Death is the most radical manifestation of human brokenness, and it leaves an indelible mark on each of our psyche when family members and friends depart, some gradually others suddenly, reminding us inevitably of our own temporal journey. In fact, the world media keeps harping on it daily in more depressing tunes and horrifying briefs. To say that we do not have sufficient time to befriend death is a misnomer, as most of us have a lifetime to embrace it. How we process it would depend on our willingness to confront our own mortality, at times encumbered by our cultural mores and blindspots, and the depth of our faith in God. Jesus comforted His disciples after sharing about His impending death, “Let not your hearts be troubled. Believe in God; believe also in me. In my Father’s house are many rooms. If it were not so, would I have told you that I go to prepare a place for you? And if I go and prepare a place for you, I will come again and will take you to myself, that where I am you may be also. And you know the way to where I am going.” (John 14:1-4).
Walter Scott: “Death – the last sleep? No, it is the final awakening.”
In many cultures, a lot more time and expense are taken up on their journeys with death; after all, these rituals are principally for the living. However, it is not unusual nowadays to get over the funeral rites as quickly as possible, and burying ourselves immediately back into work, barely coping in death’s face. But as Christians, its morbidness is more perceived than real, as this celebrative faith journey leads us literally into life eternal in the presence of our Creator. However, the palpable physical loss of loved ones cannot be minimized, with grieving as an earthly bereavement process becoming a necessary healing process. Not being able to say the normal ‘farewells’ inevitably traumatizes and complicates it. Perhaps Paul’s own perceptive choice is exemplary for us in our sojourn here until our call to return home comes round: “For to me, to live is Christ and to die is gain. But if I am to live on in the flesh, this will mean fruitful labor for me; and I do not know which to choose. But I am hard-pressed from both directions, having the desire to depart and be with Christ, for that is very much better; yet to remain on in the flesh is more necessary for your sake.” (Phil1: 21 – 24).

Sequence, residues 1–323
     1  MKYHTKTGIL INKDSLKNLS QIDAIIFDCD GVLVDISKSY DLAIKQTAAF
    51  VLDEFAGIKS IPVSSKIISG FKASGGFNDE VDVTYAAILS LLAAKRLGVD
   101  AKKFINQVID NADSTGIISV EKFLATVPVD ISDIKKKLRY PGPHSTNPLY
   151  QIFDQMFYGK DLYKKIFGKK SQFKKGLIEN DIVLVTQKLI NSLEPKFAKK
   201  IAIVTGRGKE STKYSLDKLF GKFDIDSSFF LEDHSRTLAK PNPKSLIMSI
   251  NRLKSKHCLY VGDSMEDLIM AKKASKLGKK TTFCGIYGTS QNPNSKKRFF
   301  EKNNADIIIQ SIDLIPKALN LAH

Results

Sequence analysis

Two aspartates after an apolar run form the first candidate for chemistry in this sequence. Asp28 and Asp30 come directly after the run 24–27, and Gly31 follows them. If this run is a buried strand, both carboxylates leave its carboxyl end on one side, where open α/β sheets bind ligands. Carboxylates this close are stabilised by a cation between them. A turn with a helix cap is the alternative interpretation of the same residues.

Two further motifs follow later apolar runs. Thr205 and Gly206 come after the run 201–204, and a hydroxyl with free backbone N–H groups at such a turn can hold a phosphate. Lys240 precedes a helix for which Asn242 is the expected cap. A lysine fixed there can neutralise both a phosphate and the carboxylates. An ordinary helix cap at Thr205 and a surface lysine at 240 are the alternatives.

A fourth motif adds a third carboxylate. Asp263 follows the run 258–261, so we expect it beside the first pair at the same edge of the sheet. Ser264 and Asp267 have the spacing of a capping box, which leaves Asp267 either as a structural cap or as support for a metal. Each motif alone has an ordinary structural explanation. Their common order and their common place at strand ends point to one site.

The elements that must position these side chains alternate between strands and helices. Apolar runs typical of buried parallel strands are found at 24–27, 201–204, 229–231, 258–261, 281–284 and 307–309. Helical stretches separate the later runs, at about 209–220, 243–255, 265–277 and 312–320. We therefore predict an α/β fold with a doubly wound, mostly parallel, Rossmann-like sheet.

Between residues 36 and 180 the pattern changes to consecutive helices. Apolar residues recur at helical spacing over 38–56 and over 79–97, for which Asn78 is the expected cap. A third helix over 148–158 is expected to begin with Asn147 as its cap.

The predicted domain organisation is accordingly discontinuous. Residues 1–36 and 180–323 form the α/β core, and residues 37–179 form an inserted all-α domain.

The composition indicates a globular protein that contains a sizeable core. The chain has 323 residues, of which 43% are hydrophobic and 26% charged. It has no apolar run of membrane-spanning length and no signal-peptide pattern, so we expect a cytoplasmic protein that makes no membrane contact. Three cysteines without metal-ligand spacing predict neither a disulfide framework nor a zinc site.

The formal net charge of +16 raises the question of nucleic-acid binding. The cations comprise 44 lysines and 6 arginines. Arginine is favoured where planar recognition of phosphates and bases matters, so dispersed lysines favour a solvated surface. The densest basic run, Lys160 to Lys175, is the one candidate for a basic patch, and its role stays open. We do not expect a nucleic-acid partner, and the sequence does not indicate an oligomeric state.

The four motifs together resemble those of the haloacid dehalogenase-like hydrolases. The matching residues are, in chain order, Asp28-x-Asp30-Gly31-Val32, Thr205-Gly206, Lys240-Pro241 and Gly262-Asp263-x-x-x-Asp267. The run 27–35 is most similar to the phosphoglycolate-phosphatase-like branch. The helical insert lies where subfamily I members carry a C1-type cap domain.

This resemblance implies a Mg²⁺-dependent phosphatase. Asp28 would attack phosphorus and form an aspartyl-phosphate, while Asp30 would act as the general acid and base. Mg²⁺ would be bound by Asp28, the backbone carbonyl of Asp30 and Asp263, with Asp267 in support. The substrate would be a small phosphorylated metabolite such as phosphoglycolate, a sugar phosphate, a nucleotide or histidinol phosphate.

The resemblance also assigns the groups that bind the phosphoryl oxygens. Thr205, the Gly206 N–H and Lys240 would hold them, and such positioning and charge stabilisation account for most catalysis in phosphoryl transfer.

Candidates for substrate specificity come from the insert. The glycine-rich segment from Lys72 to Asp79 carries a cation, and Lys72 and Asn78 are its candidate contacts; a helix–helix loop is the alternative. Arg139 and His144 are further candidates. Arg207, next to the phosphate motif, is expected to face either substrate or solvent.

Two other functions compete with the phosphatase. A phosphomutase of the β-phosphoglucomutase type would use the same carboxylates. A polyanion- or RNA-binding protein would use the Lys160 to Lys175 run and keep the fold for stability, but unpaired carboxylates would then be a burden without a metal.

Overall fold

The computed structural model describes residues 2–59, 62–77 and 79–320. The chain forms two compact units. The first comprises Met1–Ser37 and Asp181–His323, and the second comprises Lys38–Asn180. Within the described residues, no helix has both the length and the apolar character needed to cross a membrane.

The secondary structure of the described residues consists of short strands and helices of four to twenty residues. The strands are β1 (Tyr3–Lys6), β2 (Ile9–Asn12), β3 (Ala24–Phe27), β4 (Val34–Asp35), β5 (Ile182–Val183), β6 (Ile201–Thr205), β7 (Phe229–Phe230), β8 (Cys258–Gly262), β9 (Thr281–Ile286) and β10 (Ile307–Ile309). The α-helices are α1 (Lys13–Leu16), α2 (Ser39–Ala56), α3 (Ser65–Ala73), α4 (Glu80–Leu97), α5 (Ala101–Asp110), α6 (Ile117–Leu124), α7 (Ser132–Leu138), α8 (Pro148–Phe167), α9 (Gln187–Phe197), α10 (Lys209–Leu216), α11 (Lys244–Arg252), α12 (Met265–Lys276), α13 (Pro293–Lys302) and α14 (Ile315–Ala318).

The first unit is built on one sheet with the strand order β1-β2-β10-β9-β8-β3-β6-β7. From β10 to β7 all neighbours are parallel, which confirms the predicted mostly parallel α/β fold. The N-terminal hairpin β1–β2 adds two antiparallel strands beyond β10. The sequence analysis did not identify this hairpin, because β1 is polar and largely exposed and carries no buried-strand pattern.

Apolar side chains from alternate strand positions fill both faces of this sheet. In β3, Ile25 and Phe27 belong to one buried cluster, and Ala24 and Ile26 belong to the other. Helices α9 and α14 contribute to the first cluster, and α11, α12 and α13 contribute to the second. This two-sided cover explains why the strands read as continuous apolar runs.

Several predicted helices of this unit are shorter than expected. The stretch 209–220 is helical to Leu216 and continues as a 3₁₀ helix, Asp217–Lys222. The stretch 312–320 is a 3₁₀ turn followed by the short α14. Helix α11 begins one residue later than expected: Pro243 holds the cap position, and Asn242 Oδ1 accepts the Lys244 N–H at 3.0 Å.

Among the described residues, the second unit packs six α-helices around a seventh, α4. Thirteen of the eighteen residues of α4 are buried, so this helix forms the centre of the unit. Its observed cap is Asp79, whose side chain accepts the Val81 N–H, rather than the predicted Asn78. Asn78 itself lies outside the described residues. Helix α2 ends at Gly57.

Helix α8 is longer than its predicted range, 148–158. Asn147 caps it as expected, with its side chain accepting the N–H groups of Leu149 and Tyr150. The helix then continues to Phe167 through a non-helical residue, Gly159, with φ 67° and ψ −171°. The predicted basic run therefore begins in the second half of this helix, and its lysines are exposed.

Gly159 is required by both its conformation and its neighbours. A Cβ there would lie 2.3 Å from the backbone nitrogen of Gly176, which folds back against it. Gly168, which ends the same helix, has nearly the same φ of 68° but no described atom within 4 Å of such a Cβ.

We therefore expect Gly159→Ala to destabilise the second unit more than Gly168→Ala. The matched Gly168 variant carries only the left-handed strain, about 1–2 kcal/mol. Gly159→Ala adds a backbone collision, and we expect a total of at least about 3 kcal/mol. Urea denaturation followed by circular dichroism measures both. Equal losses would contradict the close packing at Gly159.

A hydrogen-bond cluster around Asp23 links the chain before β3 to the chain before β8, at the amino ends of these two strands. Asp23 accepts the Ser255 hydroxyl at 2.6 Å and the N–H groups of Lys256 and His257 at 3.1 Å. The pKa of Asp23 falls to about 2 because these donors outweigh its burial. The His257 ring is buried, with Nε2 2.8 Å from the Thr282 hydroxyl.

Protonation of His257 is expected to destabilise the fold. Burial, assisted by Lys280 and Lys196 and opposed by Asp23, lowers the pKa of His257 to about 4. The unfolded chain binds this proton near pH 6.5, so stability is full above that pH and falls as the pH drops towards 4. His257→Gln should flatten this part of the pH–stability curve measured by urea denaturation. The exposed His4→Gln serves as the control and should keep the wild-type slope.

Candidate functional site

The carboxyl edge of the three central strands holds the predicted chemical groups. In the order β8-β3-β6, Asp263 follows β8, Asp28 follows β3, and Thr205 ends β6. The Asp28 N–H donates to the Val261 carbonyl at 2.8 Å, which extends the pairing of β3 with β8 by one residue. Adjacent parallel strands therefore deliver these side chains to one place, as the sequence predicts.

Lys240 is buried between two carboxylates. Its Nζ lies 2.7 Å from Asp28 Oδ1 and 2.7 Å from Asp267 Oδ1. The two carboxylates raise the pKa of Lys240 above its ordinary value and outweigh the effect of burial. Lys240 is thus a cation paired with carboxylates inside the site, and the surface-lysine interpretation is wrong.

Mother Theresa: “Death is nothing else but going home to God, the bond of love will be unbroken for all eternity.”
My mother and a few others who had preceded us are frequently on my mind, and inquisitively, my questions revolve around how and what they are doing? And what does it look like where they are? Scripture is vague, but one day, our curiosity will have its answers. Suffice to know that this exciting journey will end with immense grace hidden in our powerlessness. The Apostle John saw it and described it, “Then I saw a new heaven and a new earth, for the first heaven and the first earth had passed away, and there was no longer any sea. I saw the Holy City, the new Jerusalem, coming down out of heaven from God, prepared as a bride beautifully dressed for her husband. And I heard a loud voice from the throne saying, “Now the dwelling of God is with men, and he will live with them. They will be his people, and God himself will be with them and be their God. He will wipe every tear from their eyes. There will be no more death or mourning or crying or pain, for the old order of things has passed away.” He who was seated on the throne said, “I am making everything new!” (Rev 21: 1 – 5).